Thuener then discussed what separates a lease component in a contract from a non-lease component, the latter of which is excluded from lease payments under the new rule. “For example,” she said, “historically, executory costs like taxes, insurance, and maintenance were always expensed as incurred. But under the new guidance, taxes and insurance get included in the right-of-use asset, so you capitalize them.” Lessees must consider whether some activities really transfer a separate good or service and thus should be accounted for as separate, non-lease components.
Siegel covered how the reporting of initial direct costs will change. “The rules here are a little bit more restrictive than today,” he said, “but they are more consistent with how you capitalize other non-financial assets. You would only include costs that are incremental to the arrangements and would not have been incurred had the lease not actually been obtained.”
In contrast, accounting for lessors will not change much. “FASB did propose a lot of different amendments here,” Thuener said, “but ultimately settled on only pretty minor modifications.” The biggest change concerns profit recognition requirements, which were aligned with the new revenue recognition guidance, especially regarding the definition of control. “They also amended the lease classification criteria so that the requirements for both lessees and lessors are the same,” Thuener added.
Strauss turned to LaMonte to cover disclosure, noting that users and preparers classically differ on how much disclosure is appropriate. “I think the disclosures that are part of the standard are going to be pretty useful to financial statement users,” LaMonte said, adding that there will be both qualitative and quantitative improvements. “We’re still going to probably do some adjusting,” he said, “but we’ll have the information that will help us.”
From a preparer’s perspective, Thuener said that the adjustment would be “a lot of work. There’s some information that we may have to disclose that’s not even in a lease. How do we get that information? How do we have internal controls and processes to make sure that it’s right and timely? We’re thinking through that now.”
As to whether the international approach of classifying all leases as finance leases would have been preferable, LaMonte said his feelings are mixed: “If we’re looking at a nonfinancial company, we’re going to want the amortization and interest expense, because that’s how we look at their metrics. If we’re looking at Citibank and we want to measure a more pure net interest margin number, we don’t want this lease interest in the interest line. It’s hard to say one is preferable over the other.”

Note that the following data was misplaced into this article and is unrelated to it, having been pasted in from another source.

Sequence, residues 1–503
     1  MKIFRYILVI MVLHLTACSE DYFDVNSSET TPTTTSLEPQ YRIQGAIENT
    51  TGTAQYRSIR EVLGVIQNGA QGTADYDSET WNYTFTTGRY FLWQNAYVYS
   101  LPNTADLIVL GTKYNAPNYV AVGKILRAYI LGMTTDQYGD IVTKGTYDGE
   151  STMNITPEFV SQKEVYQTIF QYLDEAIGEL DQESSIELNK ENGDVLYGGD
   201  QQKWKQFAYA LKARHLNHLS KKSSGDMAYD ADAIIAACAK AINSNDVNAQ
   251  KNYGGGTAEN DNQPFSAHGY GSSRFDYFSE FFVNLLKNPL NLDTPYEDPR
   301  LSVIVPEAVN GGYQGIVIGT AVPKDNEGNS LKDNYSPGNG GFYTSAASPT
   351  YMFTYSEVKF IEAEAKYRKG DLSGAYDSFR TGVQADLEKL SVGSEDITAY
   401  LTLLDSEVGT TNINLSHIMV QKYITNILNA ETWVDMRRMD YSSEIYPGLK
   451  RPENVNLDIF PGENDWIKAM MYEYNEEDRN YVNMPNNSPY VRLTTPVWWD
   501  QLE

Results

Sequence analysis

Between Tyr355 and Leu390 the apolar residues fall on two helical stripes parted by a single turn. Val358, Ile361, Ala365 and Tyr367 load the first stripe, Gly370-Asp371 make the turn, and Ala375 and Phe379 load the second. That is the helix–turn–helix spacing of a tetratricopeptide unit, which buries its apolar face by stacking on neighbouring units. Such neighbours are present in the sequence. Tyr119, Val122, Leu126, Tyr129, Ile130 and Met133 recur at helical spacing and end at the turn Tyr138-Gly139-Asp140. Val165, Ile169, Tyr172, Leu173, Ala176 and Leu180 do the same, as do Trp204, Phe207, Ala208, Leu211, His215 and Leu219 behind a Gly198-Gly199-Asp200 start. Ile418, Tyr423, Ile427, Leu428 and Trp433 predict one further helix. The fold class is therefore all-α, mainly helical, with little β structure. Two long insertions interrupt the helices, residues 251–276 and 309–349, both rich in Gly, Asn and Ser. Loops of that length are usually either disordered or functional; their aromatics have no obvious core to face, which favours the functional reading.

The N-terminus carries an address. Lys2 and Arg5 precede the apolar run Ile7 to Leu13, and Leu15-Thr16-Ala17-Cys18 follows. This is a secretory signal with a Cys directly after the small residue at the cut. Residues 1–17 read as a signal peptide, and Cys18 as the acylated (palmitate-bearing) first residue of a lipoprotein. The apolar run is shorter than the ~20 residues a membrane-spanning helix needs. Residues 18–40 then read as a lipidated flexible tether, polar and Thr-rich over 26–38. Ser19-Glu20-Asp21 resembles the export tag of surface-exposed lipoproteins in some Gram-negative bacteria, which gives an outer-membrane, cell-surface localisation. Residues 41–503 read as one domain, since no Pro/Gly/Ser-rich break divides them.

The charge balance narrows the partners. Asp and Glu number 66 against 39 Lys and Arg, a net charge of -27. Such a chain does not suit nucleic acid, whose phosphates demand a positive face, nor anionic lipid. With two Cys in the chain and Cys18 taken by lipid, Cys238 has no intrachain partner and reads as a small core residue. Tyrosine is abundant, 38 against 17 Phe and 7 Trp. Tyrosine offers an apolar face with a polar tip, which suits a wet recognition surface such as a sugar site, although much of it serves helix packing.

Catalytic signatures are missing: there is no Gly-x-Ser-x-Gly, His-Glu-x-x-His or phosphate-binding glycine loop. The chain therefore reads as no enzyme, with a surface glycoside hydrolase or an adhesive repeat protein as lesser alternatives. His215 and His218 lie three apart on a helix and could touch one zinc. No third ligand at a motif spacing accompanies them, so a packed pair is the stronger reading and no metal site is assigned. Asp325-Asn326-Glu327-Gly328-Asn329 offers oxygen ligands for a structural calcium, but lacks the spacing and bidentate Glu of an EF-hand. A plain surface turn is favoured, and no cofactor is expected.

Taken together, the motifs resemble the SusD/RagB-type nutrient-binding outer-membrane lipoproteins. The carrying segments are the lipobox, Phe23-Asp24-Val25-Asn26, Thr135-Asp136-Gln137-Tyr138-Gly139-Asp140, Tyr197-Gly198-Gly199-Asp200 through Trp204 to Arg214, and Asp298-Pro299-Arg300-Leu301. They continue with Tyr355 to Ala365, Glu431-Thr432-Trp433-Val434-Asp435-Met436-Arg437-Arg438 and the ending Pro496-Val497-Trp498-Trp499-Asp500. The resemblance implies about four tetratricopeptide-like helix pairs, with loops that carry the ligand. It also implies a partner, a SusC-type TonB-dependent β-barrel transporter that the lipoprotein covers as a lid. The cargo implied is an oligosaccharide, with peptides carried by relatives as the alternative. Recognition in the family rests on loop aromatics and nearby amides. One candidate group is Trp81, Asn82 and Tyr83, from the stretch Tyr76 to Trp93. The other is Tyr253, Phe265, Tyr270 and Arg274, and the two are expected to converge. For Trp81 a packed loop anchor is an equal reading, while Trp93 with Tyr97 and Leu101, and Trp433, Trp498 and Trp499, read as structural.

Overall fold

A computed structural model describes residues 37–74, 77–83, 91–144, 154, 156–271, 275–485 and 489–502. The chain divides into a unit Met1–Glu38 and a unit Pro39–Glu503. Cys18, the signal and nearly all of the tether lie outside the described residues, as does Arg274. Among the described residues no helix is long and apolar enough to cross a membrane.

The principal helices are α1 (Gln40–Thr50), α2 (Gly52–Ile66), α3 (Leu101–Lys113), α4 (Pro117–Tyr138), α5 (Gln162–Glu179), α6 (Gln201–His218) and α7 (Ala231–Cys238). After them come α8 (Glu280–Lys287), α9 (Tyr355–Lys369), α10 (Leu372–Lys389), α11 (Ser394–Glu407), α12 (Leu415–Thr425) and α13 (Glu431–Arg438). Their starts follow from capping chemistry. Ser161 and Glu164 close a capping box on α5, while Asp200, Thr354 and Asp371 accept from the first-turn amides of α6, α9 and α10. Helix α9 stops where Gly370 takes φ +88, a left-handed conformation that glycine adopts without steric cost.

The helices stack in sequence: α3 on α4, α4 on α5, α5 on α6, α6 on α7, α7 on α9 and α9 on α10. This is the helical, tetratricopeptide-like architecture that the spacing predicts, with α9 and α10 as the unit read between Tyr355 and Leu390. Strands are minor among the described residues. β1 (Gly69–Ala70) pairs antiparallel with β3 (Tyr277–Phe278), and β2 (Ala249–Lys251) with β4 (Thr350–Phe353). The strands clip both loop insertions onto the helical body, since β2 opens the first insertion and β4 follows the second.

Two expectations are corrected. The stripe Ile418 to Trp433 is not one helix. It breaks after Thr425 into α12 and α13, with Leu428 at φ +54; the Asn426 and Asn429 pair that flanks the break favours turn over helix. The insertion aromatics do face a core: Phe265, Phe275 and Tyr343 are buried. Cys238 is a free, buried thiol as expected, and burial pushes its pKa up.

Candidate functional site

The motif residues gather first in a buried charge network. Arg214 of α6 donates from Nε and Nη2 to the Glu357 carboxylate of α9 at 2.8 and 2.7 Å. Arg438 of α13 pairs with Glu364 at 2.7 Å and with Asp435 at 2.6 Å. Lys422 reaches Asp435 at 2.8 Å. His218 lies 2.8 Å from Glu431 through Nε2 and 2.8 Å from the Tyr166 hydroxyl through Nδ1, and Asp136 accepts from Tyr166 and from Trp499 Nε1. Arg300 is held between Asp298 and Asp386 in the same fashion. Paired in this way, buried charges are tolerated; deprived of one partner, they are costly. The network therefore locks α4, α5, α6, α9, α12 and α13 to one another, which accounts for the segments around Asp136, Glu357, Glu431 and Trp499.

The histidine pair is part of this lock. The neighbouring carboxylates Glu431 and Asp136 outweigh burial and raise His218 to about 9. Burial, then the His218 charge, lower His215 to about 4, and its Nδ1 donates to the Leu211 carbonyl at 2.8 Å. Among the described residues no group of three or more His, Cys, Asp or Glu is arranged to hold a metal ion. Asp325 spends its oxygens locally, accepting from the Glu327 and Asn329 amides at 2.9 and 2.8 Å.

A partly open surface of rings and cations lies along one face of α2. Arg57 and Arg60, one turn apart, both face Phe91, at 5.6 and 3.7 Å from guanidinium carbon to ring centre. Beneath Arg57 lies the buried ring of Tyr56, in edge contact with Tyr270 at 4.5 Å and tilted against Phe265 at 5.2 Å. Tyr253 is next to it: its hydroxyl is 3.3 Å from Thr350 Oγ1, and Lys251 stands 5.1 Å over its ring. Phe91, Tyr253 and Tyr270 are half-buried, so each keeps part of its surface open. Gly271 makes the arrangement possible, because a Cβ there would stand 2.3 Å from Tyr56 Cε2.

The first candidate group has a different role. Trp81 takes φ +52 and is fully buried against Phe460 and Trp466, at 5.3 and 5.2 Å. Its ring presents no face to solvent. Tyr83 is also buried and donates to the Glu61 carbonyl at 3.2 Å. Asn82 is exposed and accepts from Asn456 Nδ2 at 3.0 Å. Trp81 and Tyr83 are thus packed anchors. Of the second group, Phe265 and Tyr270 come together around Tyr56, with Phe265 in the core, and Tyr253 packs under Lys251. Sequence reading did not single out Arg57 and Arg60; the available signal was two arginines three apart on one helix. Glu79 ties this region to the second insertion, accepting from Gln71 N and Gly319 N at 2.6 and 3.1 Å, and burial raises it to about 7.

Wrapping up, Siegel said, “Sale and leaseback has changed a little bit, mostly for conforming amendments to try to align the revenue recognition. You’ve got to look at Topic 606 to see whether you’ve actually sold the underlying asset before the leaseback.” He also noted that smaller companies will be able to account for leases at a portfolio level rather than asset by asset.
Transitioning to the New Standard
Strauss turned to Thuener to outline the effective dates of the standard, which are 2019 for public companies and 2020 for nonpublic companies. “While people do have the election to early adopt,” she said, “I don’t know who’s going to, with the exception potentially of lessors, because some may consider adopting this standard early and revenue recognition on time so that they can align the two models.”
LaMonte remarked that the modified retrospective approach FASB has taken will “create a period of non-comparability for financial statement users, where the debt numbers and the asset numbers are going to look very different from one year to the next.” Kalavacherla elaborated, saying that he noticed that, for leases, “modified retrospective means you will go back and restate ’17 and ’18—but for revenue recognition, modified retrospective means cumulative catch-up.” He added, “Transition is always messy. It’s like getting onto the ramp of a highway—you’ve got to accelerate, you’ve got to think differently.”
Thuener discussed the cost of transition, saying, “You have to think about not just dollars, but also resources. One of the things that we’ve started thinking about is, who do we need to educate?” Google, she noted, has focused on the financial planning and analysis, information technology, and treasury departments. Reconciling the differences between the IASB and FASB standards will also be important, she said, as will the impact on key metrics, ratios, and book-to-tax differences.
Strauss opened the floor to the audience for questions. The first concerned the difference between a service and a lease, and how companies might try to reclassify the latter as the former to avoid the new rules. Siegel agreed that “the definition of a lease is going to be the new point of tension, without question,” but noted that “we have added a whole bunch of guidance around what the definition of a lease is, and a flowchart, so people should be able to understand it.”
Thuener said that the adjustment would be “a lot of work. There’s some information that we may have to disclose that’s not even in a lease.”
Another audience member asked why the implementation date of 2019 was chosen, especially considering the release of the revenue recognition standard in 2018. Siegel responded that feedback ultimately pointed them in the direction of splitting the releases. Kalavacherla added that “even if you postpone it to 2020, I don’t think anything will change—work gets expanded based on the deadlines. If the standard is really an improvement from an existing literature, why would you have a four- or five-year adoption?” LaMonte agreed, saying that “from a user perspective, we’d like to get this over with as soon as possible so we can start getting to that steady state.”